How the Yuan Crisis Could Forge a New Currency Order



The pace of decline in China's external currency reserves is accelerating, feeding panicky selling of the yuan and heralding a likely change in China's exchange rate arrangements. Exchange rate pressures in China are spilling over to regional currencies and global stock markets. In January alone, China lost $99.5 billion of its dollar reserves trying to keep the yuan in its 2.0 percent official fluctuation band around 6.5419 to the dollar. In just 15 months the Chinese have lost more than $650 billion in reserves, more than the total reserves of any other country save Japan. In between massive interventions, the government has tried to stem pressure through small devaluations and increasing the costs for those shorting the yuan. This isn't just another emerging-market currency crisis: China is the second largest economy in the world, and its response to this fire could forge the beginnings of a new currency order.

The market unrest has puzzled many. China's reserves are still over $3 trillion, and they dwarf short-term external debt, which is approximately $625 billion. The slowdown in the Chinese economy was well flagged. I suspect the shattering of the market's previous confidence that the Chinese government was omnipotent in matters such as exchange rates has played an intangible but powerful role in increasing risk aversion by Chinese corporates and residents.

For 20 years I made a decent living in foreign exchange dealing rooms. My experience is that in these risk-averse environments, selling is not confined to the normal metrics of potential currency pressure such as short-term external debt or worsening trade positions. The selling spreads to local corporates and residents. They only have to try to switch a small part of their stock of domestic assets into foreign currency for any level of reserves to be overwhelmed. Selling pressure from locals is often insufficiently considered, especially as they are adept at finding ways to sell local currency beneath official restrictions. I recall Bertie Ahern, then Ireland's finance minister, excitedly threatening to name and shame US hedge funds that had sold the punt ahead of the February 1993 devaluation. Later, tucked away in the back pages of the Irish Times I saw a list of sellers that was dominated by local corporates.

Rightly or wrongly, I suspect Chinese officials will be persuaded that the only way to alleviate the pressure on external reserves and hence domestic liquidity is to change the exchange rate regime. The objective of any change will be to reestablish "two-way" markets of buyers and sellers. Officials are therefore likely to be furiously debating sticking to narrow bands but devaluing to a super-competitive rate, or switching to a free float, or something in between.

Narrow bands invite speculation. When an exchange rate is on the weak side, the central bank buys local currency from the speculator at a higher rate than anyone else, and if the speculation fails to lower the local currency, the bank limits the speculators' losses by offering to sell local currency at the other side of the narrow band. But policymakers in highly open economies also have a well-developed fear of floating. They observe wild swings in sentiment and believe large exchange rate shifts easily become self-fulfilling prophecies: Depreciation begets inflation, which begets depreciation. In the current frenzied situation a free float could easily lead to the yuan crashing through 8.50 versus the dollar. That could turn a currency crisis into a political and trade crisis before the currency has a chance to bounce.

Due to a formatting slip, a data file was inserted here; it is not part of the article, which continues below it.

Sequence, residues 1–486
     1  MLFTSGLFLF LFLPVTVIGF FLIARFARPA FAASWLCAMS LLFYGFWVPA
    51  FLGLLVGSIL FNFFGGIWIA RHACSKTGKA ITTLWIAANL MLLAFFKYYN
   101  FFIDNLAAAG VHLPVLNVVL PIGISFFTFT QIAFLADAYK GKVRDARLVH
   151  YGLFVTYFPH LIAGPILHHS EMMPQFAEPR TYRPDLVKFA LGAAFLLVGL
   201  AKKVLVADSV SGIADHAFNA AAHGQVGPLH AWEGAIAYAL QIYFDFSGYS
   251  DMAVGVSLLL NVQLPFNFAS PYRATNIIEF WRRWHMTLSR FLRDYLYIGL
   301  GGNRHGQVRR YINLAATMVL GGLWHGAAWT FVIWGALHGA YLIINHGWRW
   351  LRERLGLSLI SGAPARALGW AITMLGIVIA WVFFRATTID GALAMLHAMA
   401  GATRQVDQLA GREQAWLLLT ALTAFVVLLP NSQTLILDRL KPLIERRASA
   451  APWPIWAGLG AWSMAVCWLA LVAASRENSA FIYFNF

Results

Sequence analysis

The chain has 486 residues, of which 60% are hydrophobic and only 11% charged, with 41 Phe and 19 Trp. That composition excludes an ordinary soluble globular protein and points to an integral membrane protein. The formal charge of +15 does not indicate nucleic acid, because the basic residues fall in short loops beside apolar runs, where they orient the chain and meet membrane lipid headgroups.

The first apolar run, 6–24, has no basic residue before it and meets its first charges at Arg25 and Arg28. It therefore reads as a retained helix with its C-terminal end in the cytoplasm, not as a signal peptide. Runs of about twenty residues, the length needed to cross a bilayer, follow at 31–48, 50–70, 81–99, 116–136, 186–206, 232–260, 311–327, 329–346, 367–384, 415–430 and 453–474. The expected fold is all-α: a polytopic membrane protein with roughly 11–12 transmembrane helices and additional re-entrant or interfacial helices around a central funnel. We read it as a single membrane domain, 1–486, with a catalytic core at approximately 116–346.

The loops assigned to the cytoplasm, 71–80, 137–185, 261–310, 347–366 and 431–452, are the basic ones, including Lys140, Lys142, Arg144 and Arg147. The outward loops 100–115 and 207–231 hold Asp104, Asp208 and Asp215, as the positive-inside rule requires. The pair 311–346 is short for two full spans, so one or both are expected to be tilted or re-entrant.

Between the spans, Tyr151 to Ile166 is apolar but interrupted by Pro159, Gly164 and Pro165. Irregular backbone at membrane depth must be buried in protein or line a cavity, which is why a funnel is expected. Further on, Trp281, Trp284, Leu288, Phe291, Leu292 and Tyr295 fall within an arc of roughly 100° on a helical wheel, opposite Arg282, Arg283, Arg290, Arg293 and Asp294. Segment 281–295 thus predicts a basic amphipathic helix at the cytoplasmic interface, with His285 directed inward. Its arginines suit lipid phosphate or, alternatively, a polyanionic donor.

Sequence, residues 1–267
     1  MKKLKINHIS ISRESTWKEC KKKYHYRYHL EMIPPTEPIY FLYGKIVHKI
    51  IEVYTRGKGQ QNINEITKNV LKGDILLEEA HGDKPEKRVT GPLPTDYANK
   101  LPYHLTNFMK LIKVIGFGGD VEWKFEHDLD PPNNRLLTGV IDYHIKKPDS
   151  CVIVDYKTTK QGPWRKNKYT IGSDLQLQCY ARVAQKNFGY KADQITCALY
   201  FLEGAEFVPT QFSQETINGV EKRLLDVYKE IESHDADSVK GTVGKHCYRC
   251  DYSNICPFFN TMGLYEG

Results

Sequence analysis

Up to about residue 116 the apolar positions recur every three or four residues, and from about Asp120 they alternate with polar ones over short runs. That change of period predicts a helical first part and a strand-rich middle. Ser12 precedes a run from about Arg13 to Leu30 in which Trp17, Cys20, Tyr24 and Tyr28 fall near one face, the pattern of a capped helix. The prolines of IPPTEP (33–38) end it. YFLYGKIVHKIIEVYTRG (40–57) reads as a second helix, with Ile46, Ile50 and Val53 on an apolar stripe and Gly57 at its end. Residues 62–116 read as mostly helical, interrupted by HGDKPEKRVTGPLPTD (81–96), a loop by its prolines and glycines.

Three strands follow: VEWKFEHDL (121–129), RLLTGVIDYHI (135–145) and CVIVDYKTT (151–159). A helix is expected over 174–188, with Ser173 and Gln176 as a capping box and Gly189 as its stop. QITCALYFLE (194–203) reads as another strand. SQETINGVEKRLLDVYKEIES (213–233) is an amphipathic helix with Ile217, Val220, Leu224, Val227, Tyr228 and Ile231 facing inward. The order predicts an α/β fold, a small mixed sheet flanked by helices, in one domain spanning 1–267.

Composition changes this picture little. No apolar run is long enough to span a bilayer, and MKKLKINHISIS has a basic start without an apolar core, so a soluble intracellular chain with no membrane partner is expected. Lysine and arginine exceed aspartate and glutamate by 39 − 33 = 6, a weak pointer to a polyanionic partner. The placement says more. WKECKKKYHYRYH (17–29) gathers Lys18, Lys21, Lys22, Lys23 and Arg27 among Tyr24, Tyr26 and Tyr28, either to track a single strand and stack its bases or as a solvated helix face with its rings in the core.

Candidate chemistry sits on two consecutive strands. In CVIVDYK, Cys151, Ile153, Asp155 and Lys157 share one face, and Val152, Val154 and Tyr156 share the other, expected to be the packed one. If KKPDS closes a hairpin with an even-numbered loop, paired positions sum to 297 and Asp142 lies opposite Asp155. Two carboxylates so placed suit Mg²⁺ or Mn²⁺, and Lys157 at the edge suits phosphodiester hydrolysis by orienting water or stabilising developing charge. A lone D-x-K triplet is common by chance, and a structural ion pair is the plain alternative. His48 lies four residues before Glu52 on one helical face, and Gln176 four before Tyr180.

In my experience the holy grail of foreign exchange rate arrangements is one that offers both guidance to the market and flexibility like John Williamson's idea of target zones. The closest I have seen to this in real life was the adoption of extra wide fluctuation bands within the European Exchange Rate Mechanism between 1993 to 1999. The +/-15 percent bands served to reduce currency speculation long before expectations took hold that the Economic and Monetary Union would become a reality. Under the wide bands the risk of speculation going wrong was no longer the cost of the exchange rate bouncing from one end of a tiny band to the next, but moving as much as 30 percent the wrong way. Consequently, as one set of speculators pushed a currency to one end of the band, another set of speculators began marching the other way.

China should stick to the central parity of 6.54 that appears to be competitive, but express it in terms of a neutral currency basket like the International Monetary Fund's special drawing rights and widen the fluctuation band to +/-15 percent, equivalent to 5.65 to 7.48 versus the dollar. This would provide adequate flexibility for residents increasing their net foreign assets or any manner of structural changes. Brazil, India, and others may follow suit, and China could end up initiating the new currency order they have been talking so nebulously about for so long.

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